Pop Culture Gadabout
Tuesday, April 20, 2010
      ( 4/20/2010 07:05:00 AM ) Bill S.  

“MIND IF I GNAW ON YOUR SKULL?” An over-the-top piece of slice-and-dice ultraviolence, Q Hayashida’s Dorohedoro (Viz Signature) is set in a dreary city harassed by an amoral clan of sorcerers who see the city’s residents as little more than subjects for their horrific magical experiments. One of these victims, Caiman, has been transformed into a lizard-headed humanoid with a bad case of amnesia and human’s head inside his gullet. With his spunky, skateboarding grrl companion Nikaido, he is tracking down the grotesquely masked sorcerers in the hopes of unearthing the one responsible for his transmutation. Whenever the duo happen upon a mage, the lizard man grabs ‘em and forces their head into his mouth, where they come face to face with his judgmental inner head. Once they’re found lacking, Caiman hacks 'em into swirling bloody bits.

This splattery activity draws the attention of En, leader of the sorcerers -- especially since it appears that Caiman’s change has somehow made him immune to any other magicks. He dispatches inept would-be sorcerer Fujita (his sorcerer’s mask looks more like something out of Punch and Judy than a visage to inspire fear) to find the one responsible for Caimain’s lizard state. One clue to this could be the young girl sorcerer Ebisu, who the head inside of Caiman seems to recognize before she escapes with half her face gnawed off.

Hayashida is cheerfully unrestrained when it comes to depicting the gory deeds in this shrink-wrapped “Mature”-rated manga. Because the sorcerers cast their spells through their fingers, for instance, their opponents think little of slicing off their fingertips to incapacitate ‘em. But Dorohedoro’s characters are so matter-of-fact deadpan in their grisly actions, the overall effect is more splatter comedy than horror action. Busty heroine Nikaido looks positively Keaton-esque as she nonchalantly lops off the top half of a villain’s skull, catching his brain in his dislodged ball cap. Though we know even less about her (aside from the fact that she’s a good cook) than we do the amnesiac Caiman, by the end of the first volume we definitely wanna learn more.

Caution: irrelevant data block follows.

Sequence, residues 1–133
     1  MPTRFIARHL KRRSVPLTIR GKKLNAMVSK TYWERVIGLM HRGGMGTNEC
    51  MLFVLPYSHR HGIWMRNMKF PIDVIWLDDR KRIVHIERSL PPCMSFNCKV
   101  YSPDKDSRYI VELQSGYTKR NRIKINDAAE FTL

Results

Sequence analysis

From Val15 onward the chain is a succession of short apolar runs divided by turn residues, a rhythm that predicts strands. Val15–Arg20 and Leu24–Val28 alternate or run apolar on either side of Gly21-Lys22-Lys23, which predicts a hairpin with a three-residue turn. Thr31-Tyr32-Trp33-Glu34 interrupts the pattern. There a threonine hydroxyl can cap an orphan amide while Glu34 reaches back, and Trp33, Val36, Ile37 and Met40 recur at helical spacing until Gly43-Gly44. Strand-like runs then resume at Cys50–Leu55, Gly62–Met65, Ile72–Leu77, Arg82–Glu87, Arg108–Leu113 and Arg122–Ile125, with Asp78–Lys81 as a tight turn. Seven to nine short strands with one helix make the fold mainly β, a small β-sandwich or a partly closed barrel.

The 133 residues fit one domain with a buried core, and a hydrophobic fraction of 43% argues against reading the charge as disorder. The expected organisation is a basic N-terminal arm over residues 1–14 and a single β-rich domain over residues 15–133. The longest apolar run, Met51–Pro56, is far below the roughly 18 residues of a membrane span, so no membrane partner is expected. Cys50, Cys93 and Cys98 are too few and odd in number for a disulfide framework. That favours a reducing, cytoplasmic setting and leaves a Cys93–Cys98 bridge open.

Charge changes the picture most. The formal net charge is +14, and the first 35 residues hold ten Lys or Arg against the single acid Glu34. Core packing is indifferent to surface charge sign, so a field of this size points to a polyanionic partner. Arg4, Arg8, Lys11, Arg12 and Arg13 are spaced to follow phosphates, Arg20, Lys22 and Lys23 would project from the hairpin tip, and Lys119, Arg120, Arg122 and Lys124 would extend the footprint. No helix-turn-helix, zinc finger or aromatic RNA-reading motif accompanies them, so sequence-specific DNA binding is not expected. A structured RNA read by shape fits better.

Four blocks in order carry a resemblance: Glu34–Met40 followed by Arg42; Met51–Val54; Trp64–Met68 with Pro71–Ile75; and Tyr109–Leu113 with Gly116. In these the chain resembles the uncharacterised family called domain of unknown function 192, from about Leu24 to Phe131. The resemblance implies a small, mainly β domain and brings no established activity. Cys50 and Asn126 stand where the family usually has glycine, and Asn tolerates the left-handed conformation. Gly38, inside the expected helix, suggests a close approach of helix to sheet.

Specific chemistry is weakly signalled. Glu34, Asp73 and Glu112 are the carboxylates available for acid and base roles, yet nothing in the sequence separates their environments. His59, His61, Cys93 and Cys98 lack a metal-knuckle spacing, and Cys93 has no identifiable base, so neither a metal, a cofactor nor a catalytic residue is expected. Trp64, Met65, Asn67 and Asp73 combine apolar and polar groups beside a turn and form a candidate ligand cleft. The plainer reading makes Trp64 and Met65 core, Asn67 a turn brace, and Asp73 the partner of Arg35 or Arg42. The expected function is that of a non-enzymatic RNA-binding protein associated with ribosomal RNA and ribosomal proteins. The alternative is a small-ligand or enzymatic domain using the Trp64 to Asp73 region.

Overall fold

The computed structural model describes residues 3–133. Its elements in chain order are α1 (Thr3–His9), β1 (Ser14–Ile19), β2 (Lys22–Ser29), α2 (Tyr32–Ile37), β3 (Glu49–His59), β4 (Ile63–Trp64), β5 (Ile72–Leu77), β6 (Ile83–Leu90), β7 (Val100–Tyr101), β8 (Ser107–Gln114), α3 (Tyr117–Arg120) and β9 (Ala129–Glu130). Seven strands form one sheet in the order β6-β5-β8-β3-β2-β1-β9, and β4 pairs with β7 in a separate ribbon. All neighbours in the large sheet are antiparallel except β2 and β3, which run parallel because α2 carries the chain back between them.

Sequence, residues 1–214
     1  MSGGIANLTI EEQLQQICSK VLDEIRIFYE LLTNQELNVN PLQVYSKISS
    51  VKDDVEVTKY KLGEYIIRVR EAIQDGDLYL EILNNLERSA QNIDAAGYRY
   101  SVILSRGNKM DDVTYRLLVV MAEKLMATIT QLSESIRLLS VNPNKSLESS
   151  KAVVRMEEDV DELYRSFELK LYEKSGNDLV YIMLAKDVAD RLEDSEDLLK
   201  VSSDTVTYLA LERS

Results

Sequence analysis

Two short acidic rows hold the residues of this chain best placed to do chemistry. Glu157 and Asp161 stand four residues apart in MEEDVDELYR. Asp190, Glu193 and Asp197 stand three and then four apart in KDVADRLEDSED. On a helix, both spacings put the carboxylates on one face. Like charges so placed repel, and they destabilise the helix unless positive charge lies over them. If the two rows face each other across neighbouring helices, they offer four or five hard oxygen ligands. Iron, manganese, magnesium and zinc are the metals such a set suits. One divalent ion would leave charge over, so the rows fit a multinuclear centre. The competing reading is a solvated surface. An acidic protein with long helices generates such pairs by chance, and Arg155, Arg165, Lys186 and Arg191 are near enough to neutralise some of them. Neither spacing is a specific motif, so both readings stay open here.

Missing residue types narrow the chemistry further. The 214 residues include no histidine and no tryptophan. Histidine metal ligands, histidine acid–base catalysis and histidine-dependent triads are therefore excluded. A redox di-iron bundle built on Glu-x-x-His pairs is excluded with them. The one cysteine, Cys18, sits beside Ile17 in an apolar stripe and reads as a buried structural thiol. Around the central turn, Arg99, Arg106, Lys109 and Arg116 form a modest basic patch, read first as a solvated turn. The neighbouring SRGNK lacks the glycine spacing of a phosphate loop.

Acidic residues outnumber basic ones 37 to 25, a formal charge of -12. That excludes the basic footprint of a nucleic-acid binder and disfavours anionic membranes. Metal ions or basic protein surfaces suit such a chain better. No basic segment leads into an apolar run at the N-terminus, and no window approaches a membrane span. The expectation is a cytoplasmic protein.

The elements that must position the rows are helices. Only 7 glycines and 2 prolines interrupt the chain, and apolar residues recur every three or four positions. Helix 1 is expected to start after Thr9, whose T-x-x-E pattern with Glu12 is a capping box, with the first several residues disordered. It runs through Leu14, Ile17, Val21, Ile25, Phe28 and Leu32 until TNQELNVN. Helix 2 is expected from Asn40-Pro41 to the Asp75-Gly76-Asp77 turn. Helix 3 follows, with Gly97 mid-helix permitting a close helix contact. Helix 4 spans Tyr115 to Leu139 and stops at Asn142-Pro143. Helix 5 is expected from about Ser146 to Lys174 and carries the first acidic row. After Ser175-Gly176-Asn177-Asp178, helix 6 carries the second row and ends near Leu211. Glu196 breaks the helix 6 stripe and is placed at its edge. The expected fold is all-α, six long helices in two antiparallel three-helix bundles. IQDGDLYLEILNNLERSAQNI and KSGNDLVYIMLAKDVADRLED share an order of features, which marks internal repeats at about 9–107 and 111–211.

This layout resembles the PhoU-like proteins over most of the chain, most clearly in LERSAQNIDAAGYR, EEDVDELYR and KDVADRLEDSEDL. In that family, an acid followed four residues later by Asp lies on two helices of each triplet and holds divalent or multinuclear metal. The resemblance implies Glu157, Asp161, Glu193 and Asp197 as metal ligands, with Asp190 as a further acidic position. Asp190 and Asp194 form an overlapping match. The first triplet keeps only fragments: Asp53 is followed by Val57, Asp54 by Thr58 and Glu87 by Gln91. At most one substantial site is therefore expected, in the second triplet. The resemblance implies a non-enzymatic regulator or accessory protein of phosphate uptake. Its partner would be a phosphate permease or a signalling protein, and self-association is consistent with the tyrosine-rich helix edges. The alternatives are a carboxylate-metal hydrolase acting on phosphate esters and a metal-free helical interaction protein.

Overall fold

I was unfamiliar with Hayashida’s work before I read this manga, but I was quickly won over by her aggressive artwork, with its in-your face action and punkish scratchiness. Her splotchy dystopian landscape looks like something Ralph Steadman might’ve dreamed up in a hadacol-induced nightmare, only more claustrophobic. Mid-book, we even get four pages done in color, though to be honest I’d take more story over unnecessary coloring. Compared to all the other Viz Signature books I’ve read (Biomega, Ooku, What A Wonderful World!), Dorohedoro falls about forty pages short of material.

Still, what beautifully outlandish material it is: good times for those whose idea of Family Movie Night includes an airing of the full Grindhouse.


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Pop cultural criticism - plus the occasional egocentric socio/political commentary by Bill Sherman (popculturegadabout AT yahoo.com).

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